Mining companies are up in arms. "We had a tax measure that was working 18 months ago," says chamber president Goodwell Mateyo. "If that was maintained, we demonstrated and showed government that it would have received an extra $280m … by creating the right conditions for mines to increase production."

Indeed, some mining experts argue that rather than turning to mining companies, governments should consider other means of raising revenue. Zambia Chamber of Commerce & Industry president Michael Nyirenda, for example, says: "There is a saying that Africa tries to tax itself into prosperity, which is not the correct way to go. We need to create more taxpayers rather than just look at one taxpayer, which is the mines. We need to create people who will work for themselves."

But the central issue isn’t necessarily the taxes themselves — it is the uncertainty that such changes build into the system.

Anthea Jeffery writes in the SA Institute of Race Relations report, "Back to the Drawing Board on Mining Law", that the nature of mining — the time-consuming exploration process and substantial upfront expenditure required, for example — makes stability critical. Because it takes years for a mine to begin production and offset these costs, mining companies are vulnerable to "obsolescing bargain risks".

"In other words, the more an investor spends on establishing or expanding a mine — which, by definition, cannot be moved elsewhere — the more that investor becomes a captive of the host government," Jeffery writes. "That government may then be tempted to change relevant tax and other rules, especially if mineral prices have risen sharply in the interim, or particularly valuable mineral deposits have been found. The investor thus needs confidence that the government will refrain from changing the policies that applied when the decision to invest was made."

The chilling effect on investment decisions is clearer when one considers the numbers. The Fraser Institute, a Canadian think-tank, produces an annual survey of mining and exploration companies that assesses investment decisions in light not only of mineral potential, but also of "public policy factors", among them taxation, regulatory uncertainty, infrastructure, land claims, the strength of the legal system and political stability.

For example, the DRC ranks highly as an attractive investment destination in terms of straight mineral endowments: 75% of those surveyed for the most recent study, released a year ago, said the country’s mineral potential would encourage investment if best-practice policies were in place (a world-class regulatory environment, political stability and competitive taxation, for example). On this measure, the country ranked 11th out of 91 jurisdictions in the survey. But on the "public policy" measure, it ranked 87th (of the Sadc countries, only Zimbabwe was worse, at 89), leaving the DRC with an overall ranking of 51st, despite its vast mineral wealth.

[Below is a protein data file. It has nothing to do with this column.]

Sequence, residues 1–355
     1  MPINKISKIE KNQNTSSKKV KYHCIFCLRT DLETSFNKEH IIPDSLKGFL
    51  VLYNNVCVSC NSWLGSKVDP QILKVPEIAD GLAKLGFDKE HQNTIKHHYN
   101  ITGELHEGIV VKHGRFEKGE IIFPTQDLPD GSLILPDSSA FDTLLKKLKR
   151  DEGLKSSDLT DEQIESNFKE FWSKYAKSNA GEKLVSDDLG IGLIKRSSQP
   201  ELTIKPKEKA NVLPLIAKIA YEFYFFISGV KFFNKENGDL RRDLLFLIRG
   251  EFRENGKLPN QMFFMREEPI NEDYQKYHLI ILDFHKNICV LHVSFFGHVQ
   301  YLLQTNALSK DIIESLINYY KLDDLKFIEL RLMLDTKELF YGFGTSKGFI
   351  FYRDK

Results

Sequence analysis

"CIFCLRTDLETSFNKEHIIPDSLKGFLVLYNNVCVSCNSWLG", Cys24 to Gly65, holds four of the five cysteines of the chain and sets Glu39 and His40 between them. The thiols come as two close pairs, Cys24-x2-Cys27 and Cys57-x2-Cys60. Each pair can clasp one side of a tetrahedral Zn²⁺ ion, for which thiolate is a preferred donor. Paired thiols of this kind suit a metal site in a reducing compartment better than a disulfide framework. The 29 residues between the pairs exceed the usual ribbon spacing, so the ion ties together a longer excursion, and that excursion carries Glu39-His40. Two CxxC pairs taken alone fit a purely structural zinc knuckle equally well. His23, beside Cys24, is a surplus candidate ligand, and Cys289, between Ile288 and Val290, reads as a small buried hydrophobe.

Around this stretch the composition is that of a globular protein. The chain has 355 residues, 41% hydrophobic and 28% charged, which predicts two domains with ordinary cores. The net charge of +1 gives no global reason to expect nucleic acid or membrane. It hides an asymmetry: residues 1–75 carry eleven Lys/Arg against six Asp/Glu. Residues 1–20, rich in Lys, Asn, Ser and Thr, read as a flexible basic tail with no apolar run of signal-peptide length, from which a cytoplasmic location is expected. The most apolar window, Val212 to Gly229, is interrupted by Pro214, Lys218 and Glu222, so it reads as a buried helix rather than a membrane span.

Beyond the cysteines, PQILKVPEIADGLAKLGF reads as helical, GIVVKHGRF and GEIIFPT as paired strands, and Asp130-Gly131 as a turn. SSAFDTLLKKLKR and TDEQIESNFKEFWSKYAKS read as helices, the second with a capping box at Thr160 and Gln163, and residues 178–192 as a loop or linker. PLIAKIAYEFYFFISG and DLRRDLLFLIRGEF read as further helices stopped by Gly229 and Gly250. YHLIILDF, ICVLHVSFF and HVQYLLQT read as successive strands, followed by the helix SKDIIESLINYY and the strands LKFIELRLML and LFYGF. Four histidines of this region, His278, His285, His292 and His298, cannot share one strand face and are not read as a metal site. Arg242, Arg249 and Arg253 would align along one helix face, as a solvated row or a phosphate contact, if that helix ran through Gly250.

Of all the factors inhibiting investment, most responses for SA, Tanzania, Zambia and Zimbabwe coalesced around regulatory uncertainty. A combined 65% of respondents either would not invest in SA due to regulatory uncertainty, or would consider it a strong deterrent to investment. The figure was 76% for Tanzania, 47% for Zambia and 84% for Zimbabwe. Other deterrents included political instability, trade barriers (including restrictions on profit repatriation and currency restrictions), and the legal system. In the DRC, regulation accounted for 72% of respondents being strongly or completely deterred from investing, but most responses coalesced around security and the country’s legal system (83% each).

Mukula Nshipa, an independent legal consultant based in Zambia’s Copperbelt, places the blame squarely at the door of the region’s populist leaders. "We have a situation where leaders are trying to make themselves liked by saying that they will get money from the mines to change people’s lives, instead of encouraging entrepreneurship and other means of self-sustenance," he says. "Look at Tanzania — [John] Magufuli is a populist; [Robert] Mugabe in Zimbabwe was a populist; in the DRC, [Joseph] Kabila was walking that path also."

As a counterpoint, he cites Botswana, a country whose regulatory regime would encourage investment — or at least not deter it — in the view of 91% of the category respondents in the Fraser survey.

"Politicians [in Botswana] have left the business of taxation to experts," he says. "I think the way forward … is to learn from Botswana [and] come up with stable policies and tax laws that will not work against the foreign investment [African countries] are trying to promote. This can only be done if African leaders take politics out of business and leave the investment policies and taxation laws to experts who know better."